An Owyhee County sheriff’s deputy responding to an early-morning call for assistance in May slammed his vehicle into a utility pole, but he did not injure himself or anyone else. Two breath tests and a blood test showed that the 43-year-old was drunk behind the wheel, according to Homedale Police Chief Jeff Eidemiller.
Eidemiller was the first officer at the scene of the May 14 crash. Homedale police handled the investigation.
Kyle T. Pearson has been charged with misdemeanor DUI. He pleaded not guilty and a trial date has been set for Sept. 4.
Boise attorney Michael C. Larsen, who is representing Pearson, declined to comment on the case.
Pearson, who had worked at the Sheriff’s Office about six months, resigned May 22. He had previously worked for the Nampa and Cascade police departments, according to Owyhee County Sheriff Perry Grant.
Pearson worked two months at the jail before he was put on patrol.
“I was on the SWAT with him in Nampa,” Grant said. “He’s a highly trained officer.”
The crash occurred at about 6:30 a.m. on Howard Road near Marsing. Pearson was responding to a call from an ambulance crew to help lift a person.
Eidemiller said he heard Pearson report the crash to dispatch. The deputy reported the crash as a 10-55, the code for intoxicated driver.
“Initially when he said 10-55, I was thinking to myself, man, it’s just barely after 6 in the morning (and) we already have a drunk driver,” Eidemiller said.
Grant said that when a dispatcher asked for clarification, Pearson said it was a 10-50, which is code for a vehicle crash.
Pearson’s Sheriff’s Office vehicle, a 2009 Chevy half-ton pickup, snapped off the utility pole at the base, Eidemiller and Grant said. Grant and his chief deputy, Lynn Bowman, also responded to the scene.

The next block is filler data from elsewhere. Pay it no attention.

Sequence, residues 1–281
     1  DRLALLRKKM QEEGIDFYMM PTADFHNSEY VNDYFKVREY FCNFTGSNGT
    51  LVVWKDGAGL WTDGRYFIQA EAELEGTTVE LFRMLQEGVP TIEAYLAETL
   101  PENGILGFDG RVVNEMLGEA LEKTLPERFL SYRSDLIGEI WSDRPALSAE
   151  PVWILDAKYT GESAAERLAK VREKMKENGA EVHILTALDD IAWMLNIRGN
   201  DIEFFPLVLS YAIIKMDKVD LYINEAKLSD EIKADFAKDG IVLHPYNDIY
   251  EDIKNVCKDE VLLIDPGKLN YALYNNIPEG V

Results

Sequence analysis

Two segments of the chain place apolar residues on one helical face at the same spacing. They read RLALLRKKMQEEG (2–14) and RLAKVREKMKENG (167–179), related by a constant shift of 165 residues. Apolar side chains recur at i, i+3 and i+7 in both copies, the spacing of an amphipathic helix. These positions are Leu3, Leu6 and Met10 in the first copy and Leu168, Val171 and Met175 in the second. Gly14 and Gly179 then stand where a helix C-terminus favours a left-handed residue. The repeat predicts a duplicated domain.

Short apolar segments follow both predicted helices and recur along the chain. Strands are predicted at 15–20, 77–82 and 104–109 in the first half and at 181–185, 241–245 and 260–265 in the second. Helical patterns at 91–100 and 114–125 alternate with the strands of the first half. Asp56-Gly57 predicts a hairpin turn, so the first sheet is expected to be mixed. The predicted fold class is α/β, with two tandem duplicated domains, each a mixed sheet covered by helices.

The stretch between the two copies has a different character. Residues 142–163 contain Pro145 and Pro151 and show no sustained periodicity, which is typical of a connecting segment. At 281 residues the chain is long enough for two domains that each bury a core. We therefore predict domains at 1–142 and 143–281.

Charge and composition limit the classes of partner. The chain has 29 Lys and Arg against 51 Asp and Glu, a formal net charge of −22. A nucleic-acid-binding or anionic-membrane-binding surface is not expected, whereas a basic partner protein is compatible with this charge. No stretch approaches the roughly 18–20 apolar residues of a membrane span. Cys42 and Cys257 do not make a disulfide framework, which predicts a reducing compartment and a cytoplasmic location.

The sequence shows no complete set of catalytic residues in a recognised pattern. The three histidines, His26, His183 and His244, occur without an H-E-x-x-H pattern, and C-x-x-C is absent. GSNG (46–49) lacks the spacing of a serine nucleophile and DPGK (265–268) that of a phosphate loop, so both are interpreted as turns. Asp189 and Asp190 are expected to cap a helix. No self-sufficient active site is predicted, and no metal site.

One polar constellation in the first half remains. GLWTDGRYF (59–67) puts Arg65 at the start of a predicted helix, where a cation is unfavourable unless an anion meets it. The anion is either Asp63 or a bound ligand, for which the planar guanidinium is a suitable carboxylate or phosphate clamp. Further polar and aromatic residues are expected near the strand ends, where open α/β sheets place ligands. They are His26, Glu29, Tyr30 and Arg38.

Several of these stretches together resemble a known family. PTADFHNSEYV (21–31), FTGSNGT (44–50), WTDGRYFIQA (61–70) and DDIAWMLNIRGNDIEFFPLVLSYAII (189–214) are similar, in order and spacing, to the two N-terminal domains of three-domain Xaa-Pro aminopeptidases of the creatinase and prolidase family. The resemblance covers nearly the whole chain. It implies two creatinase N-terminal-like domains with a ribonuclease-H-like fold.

Eidemiller said that Pearson did not smell of alcohol and that investigating officers did not find any alcohol in the vehicle.
Eidemiller, who has been Homedale police chief for almost 16 years, said he was shocked at the result of the breath test, which showed a blood alcohol content of .106; the legal limit is .08.
“He was vehemently and adamantly denying any alcohol consumption whatsoever,” Eidemiller said. It’s standard procedure to test for alcohol or drugs any time an on-duty officer is in a crash, Eidemiller said.
Pearson was taken to the Homedale Police Department, where another breath test was done. The result of that was .104. A blood draw was then done. Pearson was issued a summons and given a ride home.
“Not all DUIs are the same, and not all people are booked into the jail,” Eidemiller said. “This is the first time we’ve ever had a police officer or sheriff’s deputy driving a police vehicle on duty under the influence.”
The Owyhee County Jail is in Murphy, which is about 40 miles from Homedale.
Grant said Pearson was suspended without pay pending the results of the investigation. The results of the blood draw were a .11 alcohol level, Eidemiller said.
There were no witnesses to the crash. Grant and Eidemiller said Pearson indicated that he had some sort of coughing or sneezing fit that caused him to drive off the road. Investigators reported no skid marks.
Grant said the damage to the truck was mainly to the grill guard. The utility pole will need to be replaced, he said.
“Thank God he didn’t hit anybody,” Grant said. “I was mortified.”